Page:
British artists are being exploited by foreign-owned streaming services and record labels, MPs have said, as they called for a change in the law to give performers a greater revenue share.
A group of 44 Conservative MPs likened the behaviour of digital giants and record companies to the football clubs that attempted to form the breakaway European Super League earlier this year.
They have written to the Prime Minister to say that the current economic model deprives British musicians of income and puts the nation’s cultural heritage under threat.
“These huge and often foreign-owned multinational corporations have done astronomically well this past year compared to artists,” the letter said.
Changing the law to bring royalty payments in line with radio play, which gives a greater proportion of money to the artists, would fit the Government’s “levelling up” agenda, it added.
Call for change in the law
Esther McVey, MP for Tatton, who organised the letter, said: “There can be no better way to level up than by ensuring that when a band emerges from Bassetlaw, a song is recorded in Sedgefield or a track is mixed in Heywood and Middleton, we keep the value here – in Britain and in our constituents’ pockets.
“Like many sole traders and contractors, musicians have had a tough year. If we want to build back better, big international corporations who have benefited from the Government’s help during the crisis should start paying musicians properly for the music they use.”
The letter reminded Boris Johnson that the Government said, in the wake of the European Super League bid, that it “would not hesitate to act when other treasured areas of our national life are under threat”.
Other signatories include the former Cabinet ministers Andrew Mitchell, Maria Miller, Tim Loughton and David Jones.
‘Hit songwriters are driving Ubers’
The MPs are calling for a two-word amendment to the 1988 Copyright, Designs and Patents Act, which would require streaming companies to make “equitable remuneration” via a rights collection company. This model is used by radio stations and splits revenue 50:50 between artists and record labels.
Under the current streaming model, Spotify is believed to pay around £0.003p per stream and Apple around £0.006p to the rights holder, usually the record label.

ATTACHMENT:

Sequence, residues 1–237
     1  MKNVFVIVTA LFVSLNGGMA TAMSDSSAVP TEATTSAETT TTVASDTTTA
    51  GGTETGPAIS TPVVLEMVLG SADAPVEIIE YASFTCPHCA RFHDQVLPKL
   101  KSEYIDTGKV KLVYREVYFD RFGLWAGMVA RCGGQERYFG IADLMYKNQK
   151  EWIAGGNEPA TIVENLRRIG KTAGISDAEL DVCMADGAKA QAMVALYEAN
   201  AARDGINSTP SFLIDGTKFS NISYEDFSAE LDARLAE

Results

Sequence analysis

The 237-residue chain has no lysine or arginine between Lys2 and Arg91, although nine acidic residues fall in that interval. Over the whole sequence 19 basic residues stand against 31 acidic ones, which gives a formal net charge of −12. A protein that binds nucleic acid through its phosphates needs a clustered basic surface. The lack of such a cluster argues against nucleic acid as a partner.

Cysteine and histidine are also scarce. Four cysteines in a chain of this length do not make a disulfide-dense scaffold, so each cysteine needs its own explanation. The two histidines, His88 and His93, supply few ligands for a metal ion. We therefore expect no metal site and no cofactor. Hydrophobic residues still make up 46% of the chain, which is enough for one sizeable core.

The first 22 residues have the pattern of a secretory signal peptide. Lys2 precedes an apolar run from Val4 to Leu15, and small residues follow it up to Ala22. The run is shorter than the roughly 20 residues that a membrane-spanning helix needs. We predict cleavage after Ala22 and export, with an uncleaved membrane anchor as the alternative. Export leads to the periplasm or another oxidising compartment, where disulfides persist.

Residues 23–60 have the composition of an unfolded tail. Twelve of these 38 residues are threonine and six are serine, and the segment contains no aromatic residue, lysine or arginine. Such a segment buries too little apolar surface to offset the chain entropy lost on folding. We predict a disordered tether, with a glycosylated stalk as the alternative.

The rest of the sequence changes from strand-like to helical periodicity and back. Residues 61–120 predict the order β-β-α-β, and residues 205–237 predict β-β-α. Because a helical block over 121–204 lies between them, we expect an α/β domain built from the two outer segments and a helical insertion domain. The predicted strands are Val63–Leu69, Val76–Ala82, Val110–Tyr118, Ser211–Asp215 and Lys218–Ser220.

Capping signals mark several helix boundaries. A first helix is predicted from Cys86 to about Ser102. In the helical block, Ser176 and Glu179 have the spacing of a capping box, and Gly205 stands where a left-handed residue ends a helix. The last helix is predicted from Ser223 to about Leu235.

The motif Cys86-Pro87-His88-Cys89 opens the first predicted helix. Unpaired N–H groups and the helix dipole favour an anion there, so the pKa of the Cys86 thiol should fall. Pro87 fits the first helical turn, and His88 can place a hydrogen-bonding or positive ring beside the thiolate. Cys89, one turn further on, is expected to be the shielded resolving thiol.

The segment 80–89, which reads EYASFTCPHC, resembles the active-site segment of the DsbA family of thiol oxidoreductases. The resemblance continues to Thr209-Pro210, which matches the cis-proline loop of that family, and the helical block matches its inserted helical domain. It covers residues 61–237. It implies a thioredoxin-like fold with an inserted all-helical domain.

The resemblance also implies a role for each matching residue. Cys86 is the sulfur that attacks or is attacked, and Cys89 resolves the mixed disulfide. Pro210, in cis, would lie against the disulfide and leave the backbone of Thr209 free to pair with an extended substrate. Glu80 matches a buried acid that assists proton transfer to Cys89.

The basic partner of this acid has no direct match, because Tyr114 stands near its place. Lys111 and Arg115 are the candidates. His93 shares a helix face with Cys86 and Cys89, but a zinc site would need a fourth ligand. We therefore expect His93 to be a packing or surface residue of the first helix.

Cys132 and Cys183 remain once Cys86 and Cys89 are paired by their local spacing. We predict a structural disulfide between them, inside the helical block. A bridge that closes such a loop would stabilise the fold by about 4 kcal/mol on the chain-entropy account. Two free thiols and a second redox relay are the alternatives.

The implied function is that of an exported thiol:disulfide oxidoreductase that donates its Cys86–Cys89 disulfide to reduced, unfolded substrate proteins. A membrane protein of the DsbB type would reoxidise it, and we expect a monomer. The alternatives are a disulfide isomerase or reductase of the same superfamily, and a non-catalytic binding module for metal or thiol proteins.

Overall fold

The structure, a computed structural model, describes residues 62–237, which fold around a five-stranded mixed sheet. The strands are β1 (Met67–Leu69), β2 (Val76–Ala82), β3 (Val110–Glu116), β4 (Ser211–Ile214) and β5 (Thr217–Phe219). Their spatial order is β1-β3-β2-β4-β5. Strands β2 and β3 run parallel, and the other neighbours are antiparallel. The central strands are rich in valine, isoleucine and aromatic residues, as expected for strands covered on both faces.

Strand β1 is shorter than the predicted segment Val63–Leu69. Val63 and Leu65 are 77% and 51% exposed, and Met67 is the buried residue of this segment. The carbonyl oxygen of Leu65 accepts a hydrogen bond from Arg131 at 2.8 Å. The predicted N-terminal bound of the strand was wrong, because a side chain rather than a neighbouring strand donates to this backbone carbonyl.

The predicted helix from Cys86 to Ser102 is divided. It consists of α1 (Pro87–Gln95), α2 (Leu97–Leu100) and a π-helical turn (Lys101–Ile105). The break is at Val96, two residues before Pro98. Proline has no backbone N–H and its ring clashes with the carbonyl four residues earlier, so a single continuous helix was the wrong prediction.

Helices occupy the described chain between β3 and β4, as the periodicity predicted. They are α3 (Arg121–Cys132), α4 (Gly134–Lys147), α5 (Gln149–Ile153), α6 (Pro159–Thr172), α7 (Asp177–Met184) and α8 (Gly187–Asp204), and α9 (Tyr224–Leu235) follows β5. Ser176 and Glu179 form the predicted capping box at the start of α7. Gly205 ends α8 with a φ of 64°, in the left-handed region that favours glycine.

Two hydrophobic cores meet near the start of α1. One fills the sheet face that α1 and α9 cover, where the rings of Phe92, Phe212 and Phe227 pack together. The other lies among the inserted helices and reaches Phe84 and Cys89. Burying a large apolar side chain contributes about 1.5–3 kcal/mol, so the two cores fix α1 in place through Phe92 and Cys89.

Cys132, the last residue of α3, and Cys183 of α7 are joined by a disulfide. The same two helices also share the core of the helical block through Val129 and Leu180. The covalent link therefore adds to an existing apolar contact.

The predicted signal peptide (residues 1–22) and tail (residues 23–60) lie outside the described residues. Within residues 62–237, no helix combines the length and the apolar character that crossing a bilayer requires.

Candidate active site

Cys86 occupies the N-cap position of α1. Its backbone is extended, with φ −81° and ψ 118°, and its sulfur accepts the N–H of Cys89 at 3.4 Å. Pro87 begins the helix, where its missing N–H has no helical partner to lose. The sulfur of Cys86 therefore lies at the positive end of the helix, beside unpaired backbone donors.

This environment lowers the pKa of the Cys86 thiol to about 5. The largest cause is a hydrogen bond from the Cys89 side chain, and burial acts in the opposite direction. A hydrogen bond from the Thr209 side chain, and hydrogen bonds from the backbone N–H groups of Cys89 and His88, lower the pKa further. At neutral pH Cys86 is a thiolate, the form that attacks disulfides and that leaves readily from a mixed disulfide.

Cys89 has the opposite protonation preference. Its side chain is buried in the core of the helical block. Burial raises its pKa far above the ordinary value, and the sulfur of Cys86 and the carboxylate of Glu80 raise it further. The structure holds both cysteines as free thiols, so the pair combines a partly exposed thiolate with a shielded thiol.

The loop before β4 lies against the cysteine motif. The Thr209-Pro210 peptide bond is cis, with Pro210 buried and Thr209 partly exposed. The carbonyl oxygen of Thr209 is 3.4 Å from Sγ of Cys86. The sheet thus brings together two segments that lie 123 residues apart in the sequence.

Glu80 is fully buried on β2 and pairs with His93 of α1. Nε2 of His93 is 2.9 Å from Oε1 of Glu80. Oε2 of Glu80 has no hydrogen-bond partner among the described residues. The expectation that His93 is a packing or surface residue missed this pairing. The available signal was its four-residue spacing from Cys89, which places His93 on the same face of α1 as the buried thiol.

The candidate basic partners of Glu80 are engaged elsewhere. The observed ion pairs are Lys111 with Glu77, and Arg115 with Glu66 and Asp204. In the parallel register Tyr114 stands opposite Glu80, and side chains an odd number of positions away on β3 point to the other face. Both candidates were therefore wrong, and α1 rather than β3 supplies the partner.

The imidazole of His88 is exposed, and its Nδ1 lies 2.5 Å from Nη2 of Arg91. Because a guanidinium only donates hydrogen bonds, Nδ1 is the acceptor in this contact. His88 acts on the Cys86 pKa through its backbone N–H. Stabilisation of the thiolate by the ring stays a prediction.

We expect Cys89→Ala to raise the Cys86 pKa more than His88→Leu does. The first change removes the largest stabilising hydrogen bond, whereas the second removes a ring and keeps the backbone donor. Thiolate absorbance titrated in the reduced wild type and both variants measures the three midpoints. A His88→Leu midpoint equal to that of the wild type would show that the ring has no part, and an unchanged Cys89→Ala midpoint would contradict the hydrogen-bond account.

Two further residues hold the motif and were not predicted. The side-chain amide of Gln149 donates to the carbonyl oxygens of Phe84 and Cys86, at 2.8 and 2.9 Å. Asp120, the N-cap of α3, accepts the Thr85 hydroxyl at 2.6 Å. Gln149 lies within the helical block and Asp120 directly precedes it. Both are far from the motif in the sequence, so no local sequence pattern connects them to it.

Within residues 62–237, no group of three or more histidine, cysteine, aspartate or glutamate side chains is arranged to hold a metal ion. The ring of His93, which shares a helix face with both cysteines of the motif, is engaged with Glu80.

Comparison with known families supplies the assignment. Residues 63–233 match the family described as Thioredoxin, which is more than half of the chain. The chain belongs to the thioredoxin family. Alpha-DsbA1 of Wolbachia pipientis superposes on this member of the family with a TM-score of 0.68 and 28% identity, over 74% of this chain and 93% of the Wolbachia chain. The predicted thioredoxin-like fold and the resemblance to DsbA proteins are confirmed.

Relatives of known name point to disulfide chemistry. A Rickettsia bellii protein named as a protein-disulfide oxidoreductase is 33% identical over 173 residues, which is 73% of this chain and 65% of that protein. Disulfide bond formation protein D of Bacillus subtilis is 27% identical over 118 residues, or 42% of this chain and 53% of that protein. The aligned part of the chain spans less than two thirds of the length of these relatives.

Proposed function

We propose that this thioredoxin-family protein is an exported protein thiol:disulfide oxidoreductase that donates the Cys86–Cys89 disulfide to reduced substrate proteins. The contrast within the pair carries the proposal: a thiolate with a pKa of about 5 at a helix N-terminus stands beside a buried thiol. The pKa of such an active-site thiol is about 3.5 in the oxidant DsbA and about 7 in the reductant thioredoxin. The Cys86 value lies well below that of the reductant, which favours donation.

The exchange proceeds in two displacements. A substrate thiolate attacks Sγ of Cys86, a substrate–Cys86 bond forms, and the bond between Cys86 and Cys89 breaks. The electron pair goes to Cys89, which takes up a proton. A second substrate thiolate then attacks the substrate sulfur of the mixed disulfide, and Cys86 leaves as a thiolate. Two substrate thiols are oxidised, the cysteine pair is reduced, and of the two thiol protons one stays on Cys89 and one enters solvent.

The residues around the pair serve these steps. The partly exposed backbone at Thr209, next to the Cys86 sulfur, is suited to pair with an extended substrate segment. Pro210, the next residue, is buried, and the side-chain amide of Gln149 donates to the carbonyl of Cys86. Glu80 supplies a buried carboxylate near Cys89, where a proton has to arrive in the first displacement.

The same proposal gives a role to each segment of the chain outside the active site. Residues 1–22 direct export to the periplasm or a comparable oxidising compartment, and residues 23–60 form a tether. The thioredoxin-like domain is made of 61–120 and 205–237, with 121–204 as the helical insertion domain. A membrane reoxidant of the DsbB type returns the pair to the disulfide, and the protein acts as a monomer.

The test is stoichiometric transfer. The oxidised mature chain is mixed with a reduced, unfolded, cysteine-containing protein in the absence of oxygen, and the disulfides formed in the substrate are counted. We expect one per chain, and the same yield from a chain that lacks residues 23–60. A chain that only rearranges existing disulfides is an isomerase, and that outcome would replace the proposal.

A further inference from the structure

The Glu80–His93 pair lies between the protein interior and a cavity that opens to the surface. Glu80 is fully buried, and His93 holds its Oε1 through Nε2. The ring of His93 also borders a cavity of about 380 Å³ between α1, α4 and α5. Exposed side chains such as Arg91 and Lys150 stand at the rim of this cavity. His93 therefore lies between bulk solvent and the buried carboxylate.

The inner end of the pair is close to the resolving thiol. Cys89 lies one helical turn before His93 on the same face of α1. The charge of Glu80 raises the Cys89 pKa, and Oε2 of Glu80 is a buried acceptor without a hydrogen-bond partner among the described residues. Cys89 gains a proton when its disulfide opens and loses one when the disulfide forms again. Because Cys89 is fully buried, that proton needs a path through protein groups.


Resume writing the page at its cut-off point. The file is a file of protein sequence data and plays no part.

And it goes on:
The record label then takes its own share and divides the rest between everyone involved in making the song. Artists receive around 16 per cent.
A Commons inquiry earlier this year heard from musicians and songwriters who said they could not survive on their streaming income, despite producing hits.
Fiona Bevan, who has written for Kylie Minogue and others, told the inquiry: “Right now, hit songwriters are driving Ubers.”
Horace Trubridge, general secretary of the Musicians’ Union, said: “We warmly welcome the support of over 40 Conservative MPs who are calling on the Government to fix streaming and help our fantastic artists secure fair financial rewards for use of their music.
“For too long, streaming platforms, record labels and other internet giants have exploited performers and creators. We must put the value of music back where it belongs – in the hands of the music makers.
“The support of MPs will be critical in securing meaningful change, which is why we are so pleased to see such strong support for reform on the Conservative backbenches.”
Top stars back #BrokenRecord campaign
The campaign to change the law was started by Tom Gray, a musician who founded the #BrokenRecord campaign. More than 150 artists, including Sir Paul McCartney and Kate Bush, wrote an open letter in support.
Mr Gray said: “Music has long presented an opportunity for young people to change their circumstances through invention, enterprise and raw talent.
“Whilst they have always faced an uphill battle to succeed, today things are exponentially more difficult.
“Without intervention, we are endangering our capacity to develop and nurture the great artists of the future and cheating our treasury of necessary tax revenues. This change keeps millions of pounds in the UK economy that would otherwise flow into foreign-based multinationals. It’s a no-brainer.”Internet Explorer Channel Network